-----------

The above essay was originally written for OurVoices, an interfaith initiative bringing faith to the climate talks.

Offline Dawnstar

  • Member
  • Posts: 10
    • View Profile
Re: Climate Change is a Moral Issue
« Reply #1 on: September 27, 2015, 03:19:39 pm »
Thank you! it's indeed a concern for everyone!
But one very important aspect that is almost always failed to get mentioned in this context is the animal agriculture, it's one of the biggest environmental destroyer but yet most talk is about energy consumption and carbon dioxide. This matter should get lifted much higher than it is today. Maybe we should e-mail the pope? :fu:

Offline Dharmakara

  • Administrator
  • Member
  • *****
  • Posts: 4233
    • View Profile
Re: Climate Change is a Moral Issue
« Reply #2 on: September 27, 2015, 04:11:56 pm »
Although I'm not sure if there's really been any substantial movement among World powers to address the issue of animal agriculture's impact on climate change, it in fact gets mentioned often enough, with over 3 million results listed in a basic Google search:

https://www.google.com/#q=animal+agriculture+climate+change

As for whether animal agriculture is the biggest contributor --- well, it depends on which special interest group is doing the talking --- for example, it doesn't appear to be supported by EPA research data:


Offline Dawnstar

  • Member
  • Posts: 10
    • View Profile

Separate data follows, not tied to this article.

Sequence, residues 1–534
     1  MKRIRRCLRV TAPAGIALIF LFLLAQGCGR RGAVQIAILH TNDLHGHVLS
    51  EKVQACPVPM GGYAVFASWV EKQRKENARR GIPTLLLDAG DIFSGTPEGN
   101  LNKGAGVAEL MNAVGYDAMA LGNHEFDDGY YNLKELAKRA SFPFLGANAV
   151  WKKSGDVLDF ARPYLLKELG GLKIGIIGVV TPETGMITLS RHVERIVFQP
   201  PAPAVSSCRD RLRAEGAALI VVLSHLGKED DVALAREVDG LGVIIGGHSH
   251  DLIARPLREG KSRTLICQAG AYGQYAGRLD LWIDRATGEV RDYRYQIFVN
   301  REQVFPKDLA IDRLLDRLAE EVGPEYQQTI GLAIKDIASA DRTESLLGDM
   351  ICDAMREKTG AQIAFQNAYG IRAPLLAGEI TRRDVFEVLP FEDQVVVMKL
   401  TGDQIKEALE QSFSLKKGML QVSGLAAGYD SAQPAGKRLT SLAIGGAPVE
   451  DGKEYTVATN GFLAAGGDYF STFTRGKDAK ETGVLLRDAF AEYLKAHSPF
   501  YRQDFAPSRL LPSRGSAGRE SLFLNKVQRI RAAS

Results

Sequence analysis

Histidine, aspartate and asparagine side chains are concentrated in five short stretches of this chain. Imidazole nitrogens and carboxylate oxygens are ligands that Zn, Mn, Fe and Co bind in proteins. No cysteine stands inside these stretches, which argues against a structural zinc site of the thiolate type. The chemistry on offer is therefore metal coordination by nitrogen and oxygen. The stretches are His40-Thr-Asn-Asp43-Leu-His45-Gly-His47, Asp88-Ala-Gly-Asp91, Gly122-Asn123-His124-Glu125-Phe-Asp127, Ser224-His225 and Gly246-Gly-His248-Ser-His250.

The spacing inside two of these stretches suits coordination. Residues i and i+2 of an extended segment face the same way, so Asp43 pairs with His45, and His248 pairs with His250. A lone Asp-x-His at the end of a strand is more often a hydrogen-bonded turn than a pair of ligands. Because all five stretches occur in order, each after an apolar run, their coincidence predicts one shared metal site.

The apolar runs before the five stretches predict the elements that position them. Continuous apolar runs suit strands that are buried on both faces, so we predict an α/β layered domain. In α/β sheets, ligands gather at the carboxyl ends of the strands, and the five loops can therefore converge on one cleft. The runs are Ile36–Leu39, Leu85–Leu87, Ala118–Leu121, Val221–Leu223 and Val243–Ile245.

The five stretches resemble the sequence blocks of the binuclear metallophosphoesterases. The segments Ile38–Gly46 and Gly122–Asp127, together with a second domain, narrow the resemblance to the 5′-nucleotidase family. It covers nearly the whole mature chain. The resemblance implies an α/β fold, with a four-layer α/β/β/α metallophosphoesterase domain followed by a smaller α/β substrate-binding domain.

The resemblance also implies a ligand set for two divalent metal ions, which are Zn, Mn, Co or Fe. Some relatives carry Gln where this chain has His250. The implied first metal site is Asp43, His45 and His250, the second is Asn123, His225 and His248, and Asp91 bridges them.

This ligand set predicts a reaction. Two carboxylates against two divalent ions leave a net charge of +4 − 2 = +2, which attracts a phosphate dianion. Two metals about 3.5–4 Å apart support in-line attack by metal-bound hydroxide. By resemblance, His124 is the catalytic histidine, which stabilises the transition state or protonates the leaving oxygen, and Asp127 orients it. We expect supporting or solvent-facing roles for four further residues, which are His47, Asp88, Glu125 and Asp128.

Re: Climate Change is a Moral Issue
« Reply #3 on: September 27, 2015, 04:25:58 pm »
(Edited here: I would.. I don't know, they don't really speak about food when they think environment and climate. I guess the animal agriculture is a big economy, It don't cost anything to breed animals and kill them for their meat. but humanity still will pay the price for it eventually. I try to look at so many areas as possible, land, sea, air, forests, and there for I see it as a too big and unnecessary contributor for the climate. when humans don't even need to eat meat every single day. done editing :) )

http://content.time.com/time/health/article/0,8599,1839995,00.html

In a 2006 report, the U.N. Food and Agriculture Organization (FAO) concluded that worldwide livestock farming generates 18% of the planet's greenhouse gas emissions — by comparison, all the world's cars, trains, planes and boats account for a combined 13% of greenhouse gas emissions. Much of livestock's contribution to global warming come from deforestation, as the growing demand for meat results in trees being cut down to make space for pasture or farmland to grow animal feed. Livestock takes up a lot of space — nearly one-third of the earth's entire landmass. In Latin America, the FAO estimates that some 70% of former forest cover has been converted for grazing. Lost forest cover heats the planet, because trees absorb CO2 while they're alive — and when they're burned or cut down, the greenhouse gas is released back into the atmosphere.